Application of the rule by the Supreme Court of Nepal:


Application of the rule by the Supreme Court of Nepal:

In Nepal the requirement of hearing is particularly observed and spelt out by the Supreme Court in connection with the fundamental rights of citizens guaranteed under the constitution. The extraordinary power of the court to review the administrative action through writs enriches the applicability of the principles of natural justice in diverse ways.

The following cases show the role of the Supreme Court in administering justice through the rule of Audi Alteram Partem:

  1. P. Koirala v. HMG, 2016: – 

It is regarded as the first landmark case in the judicial history of Nepal in which the rule of natural justice was highlighted by the court in connection with the invalid action of the executive action. Here, the court expressed, that the constitutional guaranteed right could not be taken away by an administrative order in the name of public security and welfare without providing the detainee the sufficient grounds and reasons for such detention order. The court further stated that it is the fundamental principle of law and justice that a person, against whom an action is taken, must be properly informed with reasons. Any legal proceeding if initiated against him without notice and grounds, it is a violation of the rules of justice.

 



  1. Rishikesh Shah v. the Chief Zonal Commissioner, 2027: – 

The Supreme Court stressed that the petitioner hold the right to know the grounds of detention as it was inherent under the equality clause of the constitution and a part of the natural justice.

 

  1. Moona Acharya v. the Kathmandu District Court, 2048: –

The court stated that a concerned authority who is confiscating the property of a citizen is under the obligation to provide an opportunity to the petitioner to defend his/her case. The court further expressed, though procedural fairness is the requirement of justice, it does not mean that this requirement can be fulfilled at the disposal and convenience of the petitioner. Therefore, if a reasonable opportunity is given for a hearing, that is quiet sufficient to satisfy the requirement of natural justice.

 

  1. Lalit Ratna Shakya v. Ministry of Forest and Soil Conservation, 2050: –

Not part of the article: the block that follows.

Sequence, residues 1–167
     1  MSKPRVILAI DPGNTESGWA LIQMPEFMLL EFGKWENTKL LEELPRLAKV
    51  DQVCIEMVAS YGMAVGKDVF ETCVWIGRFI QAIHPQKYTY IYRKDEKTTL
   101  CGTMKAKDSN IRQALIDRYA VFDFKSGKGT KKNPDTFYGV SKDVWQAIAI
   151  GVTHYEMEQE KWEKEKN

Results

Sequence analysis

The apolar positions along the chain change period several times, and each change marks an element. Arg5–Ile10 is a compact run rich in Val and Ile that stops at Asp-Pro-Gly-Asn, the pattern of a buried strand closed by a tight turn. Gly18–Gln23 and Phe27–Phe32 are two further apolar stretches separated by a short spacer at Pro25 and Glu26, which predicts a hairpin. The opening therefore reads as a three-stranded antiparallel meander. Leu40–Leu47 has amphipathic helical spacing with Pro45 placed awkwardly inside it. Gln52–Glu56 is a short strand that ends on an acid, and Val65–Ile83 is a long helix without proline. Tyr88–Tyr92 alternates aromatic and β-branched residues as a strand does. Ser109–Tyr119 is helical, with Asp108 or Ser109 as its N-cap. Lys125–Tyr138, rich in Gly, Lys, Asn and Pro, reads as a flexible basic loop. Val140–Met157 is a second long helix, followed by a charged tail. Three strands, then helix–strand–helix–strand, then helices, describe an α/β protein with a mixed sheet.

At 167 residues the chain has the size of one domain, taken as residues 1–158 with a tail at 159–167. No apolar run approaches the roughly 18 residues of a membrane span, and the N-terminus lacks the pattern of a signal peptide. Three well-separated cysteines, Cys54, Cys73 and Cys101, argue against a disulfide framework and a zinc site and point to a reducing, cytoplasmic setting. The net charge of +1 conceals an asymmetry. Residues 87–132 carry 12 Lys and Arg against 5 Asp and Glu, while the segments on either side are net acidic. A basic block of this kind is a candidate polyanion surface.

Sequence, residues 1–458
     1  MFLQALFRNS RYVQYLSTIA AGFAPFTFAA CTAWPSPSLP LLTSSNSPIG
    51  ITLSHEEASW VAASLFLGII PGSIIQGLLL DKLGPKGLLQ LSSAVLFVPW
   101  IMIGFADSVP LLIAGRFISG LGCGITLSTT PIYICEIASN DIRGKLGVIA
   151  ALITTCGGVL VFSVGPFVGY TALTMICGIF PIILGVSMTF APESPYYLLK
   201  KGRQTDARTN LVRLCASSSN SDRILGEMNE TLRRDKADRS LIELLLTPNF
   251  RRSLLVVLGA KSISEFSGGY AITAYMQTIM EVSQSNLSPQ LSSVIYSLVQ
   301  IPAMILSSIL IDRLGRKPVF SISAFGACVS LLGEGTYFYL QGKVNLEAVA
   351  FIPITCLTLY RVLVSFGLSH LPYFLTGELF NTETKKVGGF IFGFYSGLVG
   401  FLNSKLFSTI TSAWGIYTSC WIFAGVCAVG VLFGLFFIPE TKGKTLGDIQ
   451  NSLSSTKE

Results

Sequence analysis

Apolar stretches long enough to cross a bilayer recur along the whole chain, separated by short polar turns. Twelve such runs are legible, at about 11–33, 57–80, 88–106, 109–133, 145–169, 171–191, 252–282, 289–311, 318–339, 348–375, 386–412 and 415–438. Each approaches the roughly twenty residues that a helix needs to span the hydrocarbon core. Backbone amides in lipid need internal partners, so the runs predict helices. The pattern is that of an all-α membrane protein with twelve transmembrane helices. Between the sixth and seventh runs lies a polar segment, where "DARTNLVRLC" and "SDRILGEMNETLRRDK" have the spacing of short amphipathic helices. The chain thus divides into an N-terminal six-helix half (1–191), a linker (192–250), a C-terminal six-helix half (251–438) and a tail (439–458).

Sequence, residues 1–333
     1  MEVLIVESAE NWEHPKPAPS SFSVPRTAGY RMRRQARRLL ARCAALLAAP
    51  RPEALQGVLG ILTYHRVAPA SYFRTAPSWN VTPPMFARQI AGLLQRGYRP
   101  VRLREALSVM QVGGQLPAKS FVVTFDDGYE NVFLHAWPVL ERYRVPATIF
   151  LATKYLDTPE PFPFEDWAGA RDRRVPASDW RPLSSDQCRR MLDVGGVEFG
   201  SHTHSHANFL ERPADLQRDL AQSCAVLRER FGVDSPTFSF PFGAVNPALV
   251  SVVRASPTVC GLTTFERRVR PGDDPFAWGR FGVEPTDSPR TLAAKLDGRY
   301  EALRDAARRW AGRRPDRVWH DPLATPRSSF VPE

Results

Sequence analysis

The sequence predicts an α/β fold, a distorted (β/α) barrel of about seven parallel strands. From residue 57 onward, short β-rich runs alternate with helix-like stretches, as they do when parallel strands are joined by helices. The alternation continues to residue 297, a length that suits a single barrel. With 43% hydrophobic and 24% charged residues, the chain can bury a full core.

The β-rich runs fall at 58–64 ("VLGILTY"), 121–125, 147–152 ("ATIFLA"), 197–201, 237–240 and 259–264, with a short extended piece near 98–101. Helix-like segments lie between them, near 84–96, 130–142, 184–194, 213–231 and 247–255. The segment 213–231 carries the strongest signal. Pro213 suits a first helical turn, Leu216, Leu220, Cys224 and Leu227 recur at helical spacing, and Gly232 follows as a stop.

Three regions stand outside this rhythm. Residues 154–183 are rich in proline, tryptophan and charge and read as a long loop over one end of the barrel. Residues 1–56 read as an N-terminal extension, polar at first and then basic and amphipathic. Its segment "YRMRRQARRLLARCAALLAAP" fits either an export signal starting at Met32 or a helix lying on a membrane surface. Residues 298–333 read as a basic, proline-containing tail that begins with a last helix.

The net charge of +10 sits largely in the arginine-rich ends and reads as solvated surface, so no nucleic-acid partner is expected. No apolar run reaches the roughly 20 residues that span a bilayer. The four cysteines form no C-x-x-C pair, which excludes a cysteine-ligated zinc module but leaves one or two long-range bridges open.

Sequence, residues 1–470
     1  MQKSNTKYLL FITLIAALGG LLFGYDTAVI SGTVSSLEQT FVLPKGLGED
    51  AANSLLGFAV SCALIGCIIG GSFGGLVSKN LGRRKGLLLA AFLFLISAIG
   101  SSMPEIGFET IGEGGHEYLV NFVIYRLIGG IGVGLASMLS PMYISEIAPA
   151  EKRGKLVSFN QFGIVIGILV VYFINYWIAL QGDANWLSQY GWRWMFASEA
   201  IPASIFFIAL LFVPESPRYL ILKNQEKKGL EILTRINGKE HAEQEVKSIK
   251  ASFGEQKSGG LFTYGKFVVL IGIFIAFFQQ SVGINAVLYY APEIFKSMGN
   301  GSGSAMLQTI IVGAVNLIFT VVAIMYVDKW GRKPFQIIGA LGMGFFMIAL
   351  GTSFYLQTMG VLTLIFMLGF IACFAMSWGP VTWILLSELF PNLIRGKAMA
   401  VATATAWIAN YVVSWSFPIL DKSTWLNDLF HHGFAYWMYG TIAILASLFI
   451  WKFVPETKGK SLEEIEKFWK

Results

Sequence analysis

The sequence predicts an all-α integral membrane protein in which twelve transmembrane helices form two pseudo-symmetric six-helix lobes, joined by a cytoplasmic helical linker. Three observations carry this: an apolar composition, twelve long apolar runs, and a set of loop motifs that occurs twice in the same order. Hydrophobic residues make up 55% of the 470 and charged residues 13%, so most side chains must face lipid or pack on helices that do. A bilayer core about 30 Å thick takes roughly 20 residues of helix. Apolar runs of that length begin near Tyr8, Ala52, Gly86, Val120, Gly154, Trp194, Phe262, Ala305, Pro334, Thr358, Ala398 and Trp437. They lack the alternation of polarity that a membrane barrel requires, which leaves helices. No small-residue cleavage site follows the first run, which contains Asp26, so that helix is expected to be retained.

The Supreme Court here observed that the principle of audi alteram partem includes a reasonable amount of time to be given to the litigant to present his case, a clear statement of the charges made against him and a favorable environment in which he may state his position.

 

  1. Rukma Shamsher Rana v. HMG, 2054: –

The court observed, if any action is taken against any member of the national games and sports, he is required to be given an opportunity to be heard as hearing has become an essential phenomena in the present age. Therefore, if a person is dismissed from his post without any notice and ground, there can exist the monopoly of the administration and good governance of the country can become meaningless.

 

  1. Haribanta Lal Shrestha v. Managing Committee, the Nepal Bank Ltd. : –

The court once again highlighted the importance of the rule of natural justice. The petitioner in this case was debarred from the opportunity to be heard and to produce evidence in his favor. The court condemned the action of the executive and ruled that the principles of natural justice are not founded merely on formalities rather they are the meaningful rules to provide the substantive justice. They help and facilitate in providing definite, solid and concrete justice.

  1. Krishna Prasad Pande v. HMG: –

The petitioner was detained under sec. 3(1)of the Public Security Act, 1989. He was not given the chance of hearing. Grounds for his detention were also not provided to him. The court quashed such detention order of the authority as the order was inconsistent to the principle of natural justice. The court issued the writ of Habeas Corpus to set the petitioner free.